Carman’s family sues to stop inheritance as grandfather, mom die mysteriously

KEENE, N.H.   — The family of a man suspected in the 2013 slaying of his millionaire grandfather has filed a lawsuit in New Hampshire accusing him of killing his grandfather and possibly his mother, who was lost at sea during a mother-son fishing trip.

The family says Vernon, Vermont, resident Nathan Carman wanted to collect a multimillion-dollar inheritance.

Eighty-seven-year-old real estate developer John Chakalos was found fatally shot at his Connecticut home. Carman was a suspect, but no one was arrested.

Carman survived the 2016 fishing trip near Rhode Island after the boat carrying him and his mother sank. Mom Linda Carman is presumed dead.

Her sisters sued on Monday. They've asked a judge to block Nathan Carman from collecting money from his grandfather's estate.

Nathan Carman has denied any involvement in his grandfather's death. He says he didn't sabotage the boat.

The sister's attorneys released a statement:

“In 2013, four sisters suffered an unthinkable tragedy when their father John Chakalos was murdered in his own home. Less than three years later one of those sisters, Linda Carman, disappeared at sea under highly suspicious circumstances.  The last person to see both of these family members alive was Nathan Carman, John's grandson and Linda's son. The details and evidence in the death of John and the disappearance of Linda all point to Nathan as the prime suspect. Yet he now stands to inherit millions of dollars from their estates.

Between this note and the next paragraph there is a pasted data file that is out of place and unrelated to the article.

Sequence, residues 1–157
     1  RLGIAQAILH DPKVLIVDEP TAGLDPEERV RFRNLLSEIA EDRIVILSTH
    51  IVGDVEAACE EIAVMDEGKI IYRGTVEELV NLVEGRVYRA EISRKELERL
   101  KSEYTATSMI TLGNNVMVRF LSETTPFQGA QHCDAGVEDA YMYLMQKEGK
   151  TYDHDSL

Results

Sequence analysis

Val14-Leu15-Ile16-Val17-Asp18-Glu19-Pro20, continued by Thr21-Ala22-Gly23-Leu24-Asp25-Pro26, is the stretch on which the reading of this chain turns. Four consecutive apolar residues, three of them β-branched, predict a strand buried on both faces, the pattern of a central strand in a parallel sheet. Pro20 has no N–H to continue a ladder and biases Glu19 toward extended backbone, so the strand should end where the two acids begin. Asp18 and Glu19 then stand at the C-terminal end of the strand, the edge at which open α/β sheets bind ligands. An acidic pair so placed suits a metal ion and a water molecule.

The surviving sisters cannot stand idle while their father's killer, and perhaps their sister's killer also, profits from his actions. Since the law has a provision to stop this unjust inheritance, they have filed a so-called ‘slayer action’ in New Hampshire State Court to block Nathan from collecting money from his murdered grandfather's estate.

This is not about money, it is about justice. If the Chakalos sisters win this lawsuit and any money that would have gone to Nathan instead goes to the surviving sisters individually, they pledge to use those funds exclusively to pay for expenses incurred relating to the investigation into the death of their father and disappearance of their sister, and any remaining funds will go to charity.

The Chakalos sisters did not undertake this action lightly. This entire ordeal has been extraordinarily painful to the family and the public attention has made it even more difficult. However, they also know this is the right thing to do, and it is what their father and their sister would have wished.” - Dan Small, Holland & Knight LLP, Attorney for The Chakalos Family